Instructor
Dr. WALTER G. PEACOCK
Scoates Hall 118
Phone: 979-845-7853 (office)
E-mail: peacock@tamu.edu

Teaching Assistant: Alexander Abuabara
Scoates Hall 125
Phone
: 979-845-7813 (HRRC front desk)
E-mail: abuabara@tamu.edu

Objectives
Study of various analytical techniques used in urban and regional decision making; quantitative approaches to analyze and manipulate data; utilization of statistical packages for data, analysis and communication to enhance urban planning modeling.

Topics Covered
The purpose of this course is to familiarize undergraduate planning students with a host of analytic methods and techniques they are likely to encounter and use in various forms of planning departments and organizations.

You should, upon completion of this course, have a working knowledge of:
1) Basic descriptive statistics and graphical techniques
2) Inferential statistic in terms of confidence intervals
3) Basic demographic concepts and methods of estimation, projections, and forecasts
4) Basic concepts and methods for characterizing a local economy
5) Population and economic data gathered by the federal government
6) Use of MS Excel to design tables, calculate statistics, and create graphs
7
*) Use of QGIS to design basic thematic maps
Although I really want to cover this topic, it is dependent on the progress of the class over the course of the semester. Anyway, you are encouraged to take a GIS class in parallel or in the following semester, where this is covered in-depth. I recommend URPN 325 Intro GIS in Urban Planning. Have in mind that having a sense of spatial distribution of data is of the utmost importance for a planner.

Schedule
TUESDAY and THURSDAY, 11:10 am—12:25 pm
Location: Student Computing Center 4.102B (SCC 4.102B)
Date: Jan 14, 2019 — May 07, 2019
Schedule Types: Lecture
Credit: 3.000 Credit hours
Levels: Graduate, Undergraduate

Office Hours
Tuesday and Thursday, 12:30 pm—2 pm, or by appointment

Syllabus / Class web page
This web page (last update on: 12/14/2018)
http://people.tamu.edu/~abuabara/URPN_210_Spring_2019/

Prerequisites
URPN majors only or approval of instructor

Textbook
TBA

Grading
20 pts — Weekly Assignments (2 pt each, you need to turn in 10 assignments out of 12)
20 pts — Mid-term (2 pts each, 2 required questions and you can choose 8 out of 10 questions to answer)
10 pts — 1/2-way Project Review (includes: a brief community historic background, geo-political information, datasets, draft maps and descriptions)
10 pts — Group Work, evaluated by your co-workers
10 pts — Final Project Handout (2-page paper)
30 pts
— Final Project Presentation (poster + in-person presentation)

Grades will be assigned according to the following scale:
A — 90 - 100 pts
B — 80 - 89 pts
C — 70 - 79 pts
D — 60 - 69 pts
F — inferior work, work not turned in, failure to attend class

(1) Weekly Assignments: You will write two or three paragraphs on the topic of the week, or develop a computer exercise of something taught in class. NOTE THAT: you can use extra assignments to get extra points.

(2) Mid-Term Exam: the exam will be done in class, consisting of 10 multiple choice questions, of which you can choose 8 to do. Plus 2 required written questions. NOTE THAT: the content includes everything given in class until the previous class. AGAIN: you can use the extra questions to get extra points.

(3) 1/2-Way Project Review: This will be a presentation of a maximum of 4 slides, in which you are encouraged to present the datasets you will use, draft maps, print-screen or sketches, and the research question you are pursuing. REMEMBER to save the document in the shared folder. In this way I can follow its development and give you constant feedback! It may help you to be on track!

(4) Group Work: To prepare the community profile beyond the community data you will need the county data. You will team up with the students who are working in the same county. You are encouraged to share knowledge, and to teach one another.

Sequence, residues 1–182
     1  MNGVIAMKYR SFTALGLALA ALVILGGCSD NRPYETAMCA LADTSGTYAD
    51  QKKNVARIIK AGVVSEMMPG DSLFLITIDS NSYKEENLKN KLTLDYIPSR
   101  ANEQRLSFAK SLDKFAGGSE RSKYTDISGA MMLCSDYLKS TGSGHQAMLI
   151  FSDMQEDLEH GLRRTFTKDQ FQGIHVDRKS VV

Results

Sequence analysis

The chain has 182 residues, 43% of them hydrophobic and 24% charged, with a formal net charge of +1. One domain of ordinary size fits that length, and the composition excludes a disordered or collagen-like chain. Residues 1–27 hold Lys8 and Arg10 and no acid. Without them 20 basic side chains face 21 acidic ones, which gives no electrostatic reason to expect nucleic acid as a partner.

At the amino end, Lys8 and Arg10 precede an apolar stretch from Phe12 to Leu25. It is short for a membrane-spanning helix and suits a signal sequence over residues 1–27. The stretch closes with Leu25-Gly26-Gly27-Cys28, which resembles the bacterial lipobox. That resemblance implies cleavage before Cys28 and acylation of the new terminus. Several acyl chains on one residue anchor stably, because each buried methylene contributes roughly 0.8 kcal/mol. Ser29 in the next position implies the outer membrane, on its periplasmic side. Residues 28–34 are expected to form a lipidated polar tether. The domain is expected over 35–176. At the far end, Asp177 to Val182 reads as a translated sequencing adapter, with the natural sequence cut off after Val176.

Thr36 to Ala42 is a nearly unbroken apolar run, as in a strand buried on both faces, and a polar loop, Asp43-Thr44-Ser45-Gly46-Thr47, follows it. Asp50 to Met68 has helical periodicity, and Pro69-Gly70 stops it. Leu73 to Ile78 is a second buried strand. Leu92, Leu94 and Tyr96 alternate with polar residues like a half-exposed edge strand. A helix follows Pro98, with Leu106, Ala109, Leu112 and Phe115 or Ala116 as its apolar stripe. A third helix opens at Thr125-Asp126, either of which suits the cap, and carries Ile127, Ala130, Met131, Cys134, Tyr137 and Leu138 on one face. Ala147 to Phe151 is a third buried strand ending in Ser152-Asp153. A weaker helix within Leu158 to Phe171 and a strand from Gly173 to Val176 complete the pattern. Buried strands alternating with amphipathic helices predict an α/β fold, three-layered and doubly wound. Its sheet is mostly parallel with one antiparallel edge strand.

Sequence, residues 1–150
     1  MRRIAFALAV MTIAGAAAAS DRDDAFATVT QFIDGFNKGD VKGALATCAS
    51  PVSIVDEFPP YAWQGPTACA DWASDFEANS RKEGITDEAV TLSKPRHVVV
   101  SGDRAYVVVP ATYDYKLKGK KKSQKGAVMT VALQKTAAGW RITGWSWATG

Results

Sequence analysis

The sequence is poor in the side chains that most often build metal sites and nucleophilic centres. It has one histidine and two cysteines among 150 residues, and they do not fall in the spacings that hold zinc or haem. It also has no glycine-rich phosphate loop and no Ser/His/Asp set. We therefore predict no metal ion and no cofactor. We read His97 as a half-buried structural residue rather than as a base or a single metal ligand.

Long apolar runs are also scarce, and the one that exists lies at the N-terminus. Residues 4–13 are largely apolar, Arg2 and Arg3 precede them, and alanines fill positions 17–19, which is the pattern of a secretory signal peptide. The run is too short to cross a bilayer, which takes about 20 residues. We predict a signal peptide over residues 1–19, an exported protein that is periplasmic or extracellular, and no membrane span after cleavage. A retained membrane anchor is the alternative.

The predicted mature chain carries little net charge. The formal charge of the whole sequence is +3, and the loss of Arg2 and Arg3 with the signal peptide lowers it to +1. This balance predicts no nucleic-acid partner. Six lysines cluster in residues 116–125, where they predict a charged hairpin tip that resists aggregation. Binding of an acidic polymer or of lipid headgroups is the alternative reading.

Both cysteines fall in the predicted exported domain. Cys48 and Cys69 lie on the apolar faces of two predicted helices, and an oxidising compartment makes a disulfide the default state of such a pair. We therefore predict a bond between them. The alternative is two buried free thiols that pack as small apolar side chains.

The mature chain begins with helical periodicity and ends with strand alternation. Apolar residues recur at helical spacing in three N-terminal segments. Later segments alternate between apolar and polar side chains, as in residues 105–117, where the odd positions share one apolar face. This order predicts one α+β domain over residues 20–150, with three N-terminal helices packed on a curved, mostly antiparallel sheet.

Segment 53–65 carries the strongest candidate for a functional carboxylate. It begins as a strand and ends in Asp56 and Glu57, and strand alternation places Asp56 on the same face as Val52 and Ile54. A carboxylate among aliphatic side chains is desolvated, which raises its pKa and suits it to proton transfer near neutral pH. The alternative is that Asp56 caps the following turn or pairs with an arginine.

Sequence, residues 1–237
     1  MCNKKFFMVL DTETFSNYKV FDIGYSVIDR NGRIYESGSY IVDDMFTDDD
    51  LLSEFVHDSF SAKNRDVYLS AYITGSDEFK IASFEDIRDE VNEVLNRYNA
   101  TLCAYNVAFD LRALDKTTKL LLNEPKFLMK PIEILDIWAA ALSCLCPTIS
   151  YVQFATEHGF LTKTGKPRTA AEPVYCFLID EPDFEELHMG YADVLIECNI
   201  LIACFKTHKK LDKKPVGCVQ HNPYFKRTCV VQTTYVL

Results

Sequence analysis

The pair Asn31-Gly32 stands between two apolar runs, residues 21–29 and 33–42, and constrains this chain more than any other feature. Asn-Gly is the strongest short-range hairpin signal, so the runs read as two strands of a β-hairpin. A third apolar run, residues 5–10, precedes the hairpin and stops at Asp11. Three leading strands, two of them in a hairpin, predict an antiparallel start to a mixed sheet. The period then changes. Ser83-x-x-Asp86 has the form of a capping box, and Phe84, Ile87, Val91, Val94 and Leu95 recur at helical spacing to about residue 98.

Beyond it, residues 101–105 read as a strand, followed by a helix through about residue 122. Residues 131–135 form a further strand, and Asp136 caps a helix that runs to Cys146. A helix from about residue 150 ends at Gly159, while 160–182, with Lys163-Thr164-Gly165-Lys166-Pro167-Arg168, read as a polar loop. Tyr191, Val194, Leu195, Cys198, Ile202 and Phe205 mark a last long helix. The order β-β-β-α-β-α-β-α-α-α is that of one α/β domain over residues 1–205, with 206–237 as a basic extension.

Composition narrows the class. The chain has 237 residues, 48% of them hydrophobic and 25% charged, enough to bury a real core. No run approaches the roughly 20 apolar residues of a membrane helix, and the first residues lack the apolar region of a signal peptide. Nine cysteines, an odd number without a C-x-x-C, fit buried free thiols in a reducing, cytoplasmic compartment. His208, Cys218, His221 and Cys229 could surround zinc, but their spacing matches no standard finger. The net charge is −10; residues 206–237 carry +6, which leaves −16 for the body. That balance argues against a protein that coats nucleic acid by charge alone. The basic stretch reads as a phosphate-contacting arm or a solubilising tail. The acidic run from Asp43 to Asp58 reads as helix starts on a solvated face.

(5) Final Project Handout: This is a document that will accompany the presentation. At the time of the presentation, you will share it with your colleagues and reviewers. If you turn it in by the due date, I will be printing copies. Digital copies are encouraged.

(6) Final Project Presentation: The presenter must deliver the material in a clear and structured manner, well organized and prepared. The presenter must maintain class interest during the entire presentation, and answer questions effectively. The presentation needs to be concise and informative, containing practical examples and visual aids (graphs, charts, pictures, etc.).

(7) Final Project Poster: The community profile poster must follow this layout:
(7.1) Introduction: briefly talk about the city you choose: name, location, some interesting facts / reasons why you chose it.
(7.2) City background information: talk about basic information with facts and data, using content sections such as: geography, history, culture, political, etc.
(7.3) Discussion of: demographic facts, economic factors, and other relevant topics to the region that were developed during the semester.

REMEMBER to save the document you are working in the shared folder. In such way I can follow its development and give you feedback!
NOTE THAT: in class we will discuss how to build a poster using MS Powerpoint, and how to print it in the College of Architecture ITS. LAUP will cover the print costs of one poster per student if printed by the due date, or we can use a screen to visualize the poster. Further instructions in class.

Instructions
(1) All work is important. In the end you will see how one thing helps build the other. Do all your work with great care. For grading purposes, the way you present your work is as important as the content.
(2)
I am here to help you to learn the content and to assist you to develop the best work you can do. The whole purpose of the activities and lectures is the student's learning. But this is a process, and the student needs to engage, participate, and follow the content. Nothing is learned or assimilated overnight. There are always some difficulties, I want to help you overcome them. Always do your best, step by step. If you have questions, let me know. It is never too late but earlier works always better.
(3) By the end of the first week of class you will receive an email with a link for a shared folder. Each student will have a private folder shared with the instructor(s), where the student will save the assignments, mid-term exam, project files, and final exam documents.
(4) Use the topic and your last name to rename the files you are submitting (e.g midterm_abuabara.docx, hw1_abuabara.docx, and so on).
(5) Any difficulty in accessing your school Google account, let me know at the latest until ther early second week of class (by Jan. 25, 2019).